"I am strongly in favor of declassifying this information as quickly as possible," Tim Roemer told a House committee. "The 9/11 families deserve it, the American people deserve it, and justice deserves it. We have the right to transparency and sunlight -- not the darkness."
The hearing, titled "The U.S.-Saudi Arabia Counterterrorism Relationship," comes amid increasing scrutiny in Washington about Saudi Arabia's possible role in the terror attacks on Sept. 11, 2001, and a push in Congress to allow victims of terrorism to sue foreign governments linked to terror attacks on U.S. soil.
That has fueled calls for the release of 28 classified pages on the report into the attacks. The pages indicate that a network of Saudis, some in official positions, supported al Qaeda operatives in the run up to the attacks, according to some of those who have seen the documents and are pushing for their release, including former Navy Secretary John Lehman and former Senator Bob Graham.
At Tuesday's hearing, lawmakers on both sides of the aisle criticized the Saudi Arabian government for funding the spread of Wahabi Islam, a fundamentalist interpretation of the ancient religion that "teaches that apostates should be persecuted and in some cases killed," said Texas Rep. Ted Poe, the Republican chairman of the House Foreign Affairs subcommittee on terrorism.
Poe noted that some analysts say that followers of Wahabi Islam might be more disposed to feel sympathetic to terrorist groups. And he echoed Roemer's call.
"I have read the 28 missing pages and I think the public should have access and be able to see those 28 pages," he said.
Democratic lawmaker Rep. Brad Sherman of California called for a tougher line with the Kingdom, saying Saudi Arabia's leaders "can't say they don't support terrorism, all they do is fund by many millions of dollars a year, those who plant the seed."
His Republican colleague from California, Rep. Dana Rohrabacher, was more blunt. "The Saudis and the Saudi Royal family have been right up to their eye balls in terrorist activity and supporting the terrorist activity of radical Islamic forces in the Middle East. It's up to us to call the truth."
Roemer pushed back on Saudi royal involvement in the attacks. "In the 9/11 report, we did not discover high-level" Saudi involvement in the plot, Roemer said, but the commission wrote that Saudi Arabia "continued to be a problematic ally."
Karen Elliott House, a senior fellow at the Belfer Center for Science and International Affairs at Harvard University, told lawmakers the Saudi royal family's legitimacy rests on their support for Wahabi Islam. "It is fundamentally what gives the royal family their legitimacy," House said.
The push to release the 28 pages has set off a counter-campaign from representatives of the Saudi government who have lobbied members of Congress and the media to stress the country's support for counterterrorism. The tussle comes after years of deepening tensions between the U.S. and Saudi Arabia over perceptions in the Kingdom that America isn't as committed to its traditional Middle East allies and anger about the nuclear deal with its regional arch-rival Iran.
Lehman, a former commission member, has told CNN that the 28 pages show that employees at the Saudi embassy, Saudi charities and a Saudi government-funded mosque in California supported some of the 15 Saudis who, along with four others, staged the Sept. 11 attacks.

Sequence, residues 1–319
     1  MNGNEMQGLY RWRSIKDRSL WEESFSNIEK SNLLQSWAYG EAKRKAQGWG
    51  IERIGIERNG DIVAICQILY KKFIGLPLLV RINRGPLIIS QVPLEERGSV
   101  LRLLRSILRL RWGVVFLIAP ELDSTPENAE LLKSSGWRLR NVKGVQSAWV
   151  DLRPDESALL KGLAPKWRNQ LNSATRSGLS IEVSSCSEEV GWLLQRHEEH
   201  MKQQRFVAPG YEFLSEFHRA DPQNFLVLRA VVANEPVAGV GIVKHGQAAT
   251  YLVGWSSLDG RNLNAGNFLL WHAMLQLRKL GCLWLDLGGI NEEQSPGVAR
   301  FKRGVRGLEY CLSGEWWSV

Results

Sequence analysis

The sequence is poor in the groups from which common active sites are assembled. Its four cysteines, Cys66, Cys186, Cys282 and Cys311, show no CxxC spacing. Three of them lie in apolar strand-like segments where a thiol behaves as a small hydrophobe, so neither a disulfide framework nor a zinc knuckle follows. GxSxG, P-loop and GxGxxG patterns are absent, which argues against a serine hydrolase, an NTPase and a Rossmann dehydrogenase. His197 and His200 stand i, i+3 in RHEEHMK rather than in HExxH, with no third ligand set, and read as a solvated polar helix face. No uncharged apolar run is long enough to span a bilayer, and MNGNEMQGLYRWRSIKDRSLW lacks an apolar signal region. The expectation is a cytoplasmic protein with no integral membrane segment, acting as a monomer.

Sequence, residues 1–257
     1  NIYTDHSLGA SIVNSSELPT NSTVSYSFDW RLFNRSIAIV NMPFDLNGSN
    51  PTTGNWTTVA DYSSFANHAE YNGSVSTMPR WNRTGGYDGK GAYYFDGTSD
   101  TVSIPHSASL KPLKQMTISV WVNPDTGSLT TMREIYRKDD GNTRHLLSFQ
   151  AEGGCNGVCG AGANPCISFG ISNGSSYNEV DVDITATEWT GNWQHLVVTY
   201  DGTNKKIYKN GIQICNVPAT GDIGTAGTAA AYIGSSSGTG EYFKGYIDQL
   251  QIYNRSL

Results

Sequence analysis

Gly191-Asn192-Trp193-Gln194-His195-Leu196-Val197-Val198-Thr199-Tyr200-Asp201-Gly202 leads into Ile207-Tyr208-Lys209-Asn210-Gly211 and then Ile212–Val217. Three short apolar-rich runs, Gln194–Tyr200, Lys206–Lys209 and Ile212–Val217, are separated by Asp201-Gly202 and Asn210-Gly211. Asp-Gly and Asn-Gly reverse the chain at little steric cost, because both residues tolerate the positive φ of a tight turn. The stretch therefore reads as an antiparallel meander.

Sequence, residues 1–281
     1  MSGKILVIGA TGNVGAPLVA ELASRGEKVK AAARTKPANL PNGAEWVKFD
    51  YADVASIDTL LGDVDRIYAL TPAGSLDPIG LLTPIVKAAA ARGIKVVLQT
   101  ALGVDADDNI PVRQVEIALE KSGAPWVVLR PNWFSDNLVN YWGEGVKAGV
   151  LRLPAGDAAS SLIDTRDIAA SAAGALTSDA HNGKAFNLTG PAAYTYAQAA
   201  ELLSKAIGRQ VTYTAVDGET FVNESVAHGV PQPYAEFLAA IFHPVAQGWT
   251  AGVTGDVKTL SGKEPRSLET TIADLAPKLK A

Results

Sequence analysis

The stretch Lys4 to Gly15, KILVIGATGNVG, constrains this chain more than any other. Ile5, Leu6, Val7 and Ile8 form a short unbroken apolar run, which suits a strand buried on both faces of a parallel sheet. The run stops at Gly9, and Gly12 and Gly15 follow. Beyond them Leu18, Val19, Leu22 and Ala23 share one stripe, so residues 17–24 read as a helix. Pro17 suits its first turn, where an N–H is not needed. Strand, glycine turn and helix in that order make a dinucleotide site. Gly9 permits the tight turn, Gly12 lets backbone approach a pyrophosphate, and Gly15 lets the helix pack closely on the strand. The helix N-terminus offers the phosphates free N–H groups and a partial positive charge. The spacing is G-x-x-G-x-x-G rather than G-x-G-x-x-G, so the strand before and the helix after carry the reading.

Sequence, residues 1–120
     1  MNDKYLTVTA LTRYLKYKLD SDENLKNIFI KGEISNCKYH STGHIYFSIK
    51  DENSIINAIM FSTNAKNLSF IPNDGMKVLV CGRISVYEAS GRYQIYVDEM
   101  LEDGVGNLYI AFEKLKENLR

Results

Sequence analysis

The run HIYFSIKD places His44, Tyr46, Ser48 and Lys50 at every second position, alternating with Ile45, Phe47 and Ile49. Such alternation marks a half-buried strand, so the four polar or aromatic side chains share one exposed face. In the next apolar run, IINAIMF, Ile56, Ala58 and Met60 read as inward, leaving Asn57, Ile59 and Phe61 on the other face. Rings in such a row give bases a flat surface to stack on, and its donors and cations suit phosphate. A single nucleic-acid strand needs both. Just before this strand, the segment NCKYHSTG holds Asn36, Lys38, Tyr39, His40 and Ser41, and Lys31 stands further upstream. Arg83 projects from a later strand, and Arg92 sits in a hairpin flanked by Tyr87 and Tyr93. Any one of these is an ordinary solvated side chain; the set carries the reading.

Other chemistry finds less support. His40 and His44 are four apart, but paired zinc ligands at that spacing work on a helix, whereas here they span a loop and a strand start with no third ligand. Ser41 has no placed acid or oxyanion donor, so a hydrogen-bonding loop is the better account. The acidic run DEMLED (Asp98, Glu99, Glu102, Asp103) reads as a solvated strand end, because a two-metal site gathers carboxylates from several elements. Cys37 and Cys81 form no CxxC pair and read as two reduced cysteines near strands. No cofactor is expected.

Lehman, who served as secretary of the Navy in the Reagan administration, is among the ex-members of the commission who say the 28 pages should be released. The 9/11 Commission began its own investigation after the congressional panel had finished its probe into intelligence failures related to the attacks.
While Lehman has said there's "no smoking gun" that shows the support was from the Saudi government, as opposed to individuals, Lehman says the evidence of Saudi involvement was never sufficiently investigated and that the commission wasn't given time to do so.
He's backed by some other commission members who have also called for release of the 28 pages. CIA director John Brennan has said the documents should remain classified, while Saudi Arabia's Foreign Minister Adel al-Jubeir has said they should be released.
"We know from other senior U.S. officials that the charges made in the 28 pages do not stand up to scrutiny and so, yes, release the 28 pages," al-Jubeir said in Geneva this month.
President Barack Obama is expected to make a decision on whether to release the documents in June. The administration has made clear that Obama will veto the legislation moving through Congress that would enable victims of terror or their families to sue governments with connections to an attack.
The bill, called the Justice Against Sponsors of Terrorism bill, is now before the House Judiciary Committee where it has support from the chairman as well as from Poe, who chaired Tuesday's hearing.
A former co-chairman of the 2002 congressional inquiry into the attacks told CNN May 18 that the review process on whether to release the 28 pages is in its final stage.
Graham, who has led to push to make the documents publicly available, said that Director of National Intelligence James Clapper is just about finished his review and would be "handing it off to an inter-agency group" that includes intelligence, law enforcement and defense agencies.
Correction: An earlier version of this story incorrectly stated Tim Roemer's position on the 9/11 commission.